Discussant: Reuter, Thomas, Monash University and WCAA
Chair: Carmen Rial, UFSC
Paper 1: Negotiating tradition and nation: analyzing the East-Timorese state-formation from Brazil
Kelly Silva and Daniel Simião, University of Brasília
The paper examines some of the processes involved in negotiating and creating "tradition" among different groups in urban spaces of Dili, East-Timor. Through discussing cases in which sites and forms of "tradition" are used to support images of the Nation - particularly cases related to the social spaces of marriage negotiations and forms of conflict resolutions - we bring to the fore the challenges of approaching those issues from the viewpoint of anthropologists who were trained in Brazil. From this positioning, we indicate the relevance of enlarging the scope of Anthropology in Brazil's usual intellectual interchange by including increasing dialogues with: a) the anthropology of colonialism and with global forms of governance; b) the ethnology of Eastern Indonesia and c) the history of Nation-State formation in Southeast Asia and Oceania. We approach such an enlargement as an important part of the reconfiguration of anthropological research and teaching agenda in Brazil, while concomitantly exploring the legacies that Brazilian anthropology itself brings for the construction of new ways of examining Southeast Asia issues, such as the discussions on Nation-State formation and cultural meanings for equality in highly unequal societies.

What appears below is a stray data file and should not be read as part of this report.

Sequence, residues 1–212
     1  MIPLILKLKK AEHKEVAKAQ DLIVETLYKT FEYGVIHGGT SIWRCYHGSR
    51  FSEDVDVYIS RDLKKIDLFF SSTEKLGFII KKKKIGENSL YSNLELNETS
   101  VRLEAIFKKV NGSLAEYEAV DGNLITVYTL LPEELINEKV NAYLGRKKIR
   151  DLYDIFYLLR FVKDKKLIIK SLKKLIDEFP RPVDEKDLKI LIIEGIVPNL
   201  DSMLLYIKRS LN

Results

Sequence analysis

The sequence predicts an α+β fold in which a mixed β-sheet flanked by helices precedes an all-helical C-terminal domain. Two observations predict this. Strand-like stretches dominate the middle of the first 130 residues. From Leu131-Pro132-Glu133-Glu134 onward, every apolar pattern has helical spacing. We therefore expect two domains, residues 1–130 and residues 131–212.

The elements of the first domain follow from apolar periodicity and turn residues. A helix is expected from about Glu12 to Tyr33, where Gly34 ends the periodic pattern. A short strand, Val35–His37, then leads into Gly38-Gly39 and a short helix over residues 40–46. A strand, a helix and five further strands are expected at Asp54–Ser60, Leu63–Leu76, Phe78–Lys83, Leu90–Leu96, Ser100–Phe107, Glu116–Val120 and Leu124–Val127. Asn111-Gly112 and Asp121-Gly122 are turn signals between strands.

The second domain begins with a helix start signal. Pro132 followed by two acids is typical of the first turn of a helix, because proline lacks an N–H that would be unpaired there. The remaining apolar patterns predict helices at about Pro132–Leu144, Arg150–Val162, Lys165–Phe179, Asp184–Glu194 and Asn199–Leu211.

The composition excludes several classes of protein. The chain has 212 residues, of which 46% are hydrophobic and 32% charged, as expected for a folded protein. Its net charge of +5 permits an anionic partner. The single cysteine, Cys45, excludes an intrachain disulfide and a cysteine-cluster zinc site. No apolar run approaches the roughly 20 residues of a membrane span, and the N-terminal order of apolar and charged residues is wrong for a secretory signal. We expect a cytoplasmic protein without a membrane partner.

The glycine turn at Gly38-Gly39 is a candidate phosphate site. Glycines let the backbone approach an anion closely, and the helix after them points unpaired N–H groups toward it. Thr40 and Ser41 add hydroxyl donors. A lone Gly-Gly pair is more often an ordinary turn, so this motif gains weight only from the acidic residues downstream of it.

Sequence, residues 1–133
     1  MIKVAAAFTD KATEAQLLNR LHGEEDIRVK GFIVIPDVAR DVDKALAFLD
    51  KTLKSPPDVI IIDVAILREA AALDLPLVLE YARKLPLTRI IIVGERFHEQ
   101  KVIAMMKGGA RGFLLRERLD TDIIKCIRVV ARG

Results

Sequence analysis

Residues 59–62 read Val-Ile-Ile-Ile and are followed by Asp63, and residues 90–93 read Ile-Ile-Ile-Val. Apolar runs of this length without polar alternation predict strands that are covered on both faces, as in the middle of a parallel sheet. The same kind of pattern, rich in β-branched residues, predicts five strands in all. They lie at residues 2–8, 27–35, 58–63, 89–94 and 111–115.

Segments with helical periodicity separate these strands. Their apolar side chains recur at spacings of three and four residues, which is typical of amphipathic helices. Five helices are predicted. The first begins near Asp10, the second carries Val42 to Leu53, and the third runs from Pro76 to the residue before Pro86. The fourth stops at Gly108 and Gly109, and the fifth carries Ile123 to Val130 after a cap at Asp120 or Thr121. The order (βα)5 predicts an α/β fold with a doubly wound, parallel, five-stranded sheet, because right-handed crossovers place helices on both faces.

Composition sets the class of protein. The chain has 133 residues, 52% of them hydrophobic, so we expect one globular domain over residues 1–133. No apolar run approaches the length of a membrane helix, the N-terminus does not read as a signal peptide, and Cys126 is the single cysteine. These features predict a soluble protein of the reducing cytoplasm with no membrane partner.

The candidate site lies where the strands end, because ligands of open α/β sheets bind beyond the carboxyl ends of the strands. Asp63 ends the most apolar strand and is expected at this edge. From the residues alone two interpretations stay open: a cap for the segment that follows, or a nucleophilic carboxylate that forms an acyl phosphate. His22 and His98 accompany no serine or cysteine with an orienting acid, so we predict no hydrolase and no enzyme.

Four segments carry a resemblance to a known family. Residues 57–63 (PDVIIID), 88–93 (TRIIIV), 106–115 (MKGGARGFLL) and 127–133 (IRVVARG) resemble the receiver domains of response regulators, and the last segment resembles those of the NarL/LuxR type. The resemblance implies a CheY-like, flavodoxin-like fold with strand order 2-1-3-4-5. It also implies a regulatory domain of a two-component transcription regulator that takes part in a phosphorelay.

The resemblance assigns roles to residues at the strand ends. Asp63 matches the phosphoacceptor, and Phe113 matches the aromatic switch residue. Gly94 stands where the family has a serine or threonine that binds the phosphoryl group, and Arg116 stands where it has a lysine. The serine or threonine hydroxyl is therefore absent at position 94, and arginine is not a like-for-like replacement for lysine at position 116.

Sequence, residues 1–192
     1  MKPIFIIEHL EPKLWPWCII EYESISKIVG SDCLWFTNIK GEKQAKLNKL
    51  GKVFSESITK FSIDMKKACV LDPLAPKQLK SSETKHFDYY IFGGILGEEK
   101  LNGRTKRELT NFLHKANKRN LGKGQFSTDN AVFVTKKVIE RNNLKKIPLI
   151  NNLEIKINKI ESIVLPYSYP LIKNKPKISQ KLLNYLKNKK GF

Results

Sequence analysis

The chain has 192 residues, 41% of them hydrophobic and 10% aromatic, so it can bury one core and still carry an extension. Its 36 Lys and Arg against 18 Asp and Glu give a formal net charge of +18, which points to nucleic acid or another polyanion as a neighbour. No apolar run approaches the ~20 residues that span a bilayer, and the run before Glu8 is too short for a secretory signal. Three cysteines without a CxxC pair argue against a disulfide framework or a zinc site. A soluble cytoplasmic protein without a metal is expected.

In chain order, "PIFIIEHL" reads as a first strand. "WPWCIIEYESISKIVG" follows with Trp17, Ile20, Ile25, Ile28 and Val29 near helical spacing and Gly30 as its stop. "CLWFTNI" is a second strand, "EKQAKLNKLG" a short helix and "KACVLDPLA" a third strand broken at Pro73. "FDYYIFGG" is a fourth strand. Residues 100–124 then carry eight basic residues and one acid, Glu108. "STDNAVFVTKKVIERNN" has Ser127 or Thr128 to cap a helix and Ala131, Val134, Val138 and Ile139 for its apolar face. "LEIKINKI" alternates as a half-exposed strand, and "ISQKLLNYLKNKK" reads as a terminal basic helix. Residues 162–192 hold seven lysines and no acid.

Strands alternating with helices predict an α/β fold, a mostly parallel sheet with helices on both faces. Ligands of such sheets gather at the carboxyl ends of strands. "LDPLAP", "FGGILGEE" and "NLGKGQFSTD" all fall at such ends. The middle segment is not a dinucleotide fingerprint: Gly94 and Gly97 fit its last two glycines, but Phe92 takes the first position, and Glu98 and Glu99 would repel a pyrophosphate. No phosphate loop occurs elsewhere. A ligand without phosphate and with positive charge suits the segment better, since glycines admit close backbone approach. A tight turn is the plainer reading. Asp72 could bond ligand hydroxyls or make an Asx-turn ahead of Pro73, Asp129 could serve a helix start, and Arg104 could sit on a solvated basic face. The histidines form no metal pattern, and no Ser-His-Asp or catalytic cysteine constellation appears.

Paper 2: The different faces of the monster: anthropology and failed states
Omar Ribeiro Thomaz and Sebastião Nascimento, UNICAMP
The deterioration of social and political conditions in a given society, leading to the emergence of so-called failed states, somehow has entered the realm of conventional wisdom among social scientists. For specific political spaces that usually fall under that label - particularly those located in the African continent or, in the Western hemisphere, cases such as Haiti -, the notion of a failed state is resorted to as some kind of self-explanatory category, not requiring further analytical or descriptive effort. Invariably, what is missing from the picture is either the history of these specific states or a study of the differentiated role played by political institutions with regard to specific groups living under the scope of those states. Resorting to ethnographic research carried out both in Mozambique and Haiti, I propose an approach to the state in these two political spaces based on autonomous historical processes and the contemporary dynamics of their public spheres and institutions. I intend to show that the mantra of the failed state is very narrow and limited by notions of state modeling that both lack in universality and are marked by the particularistic interests of specific subjects who are part of a large apparatus associated with the universe of international aid.
Discussant: Minnegal, Monica, University of Melbourne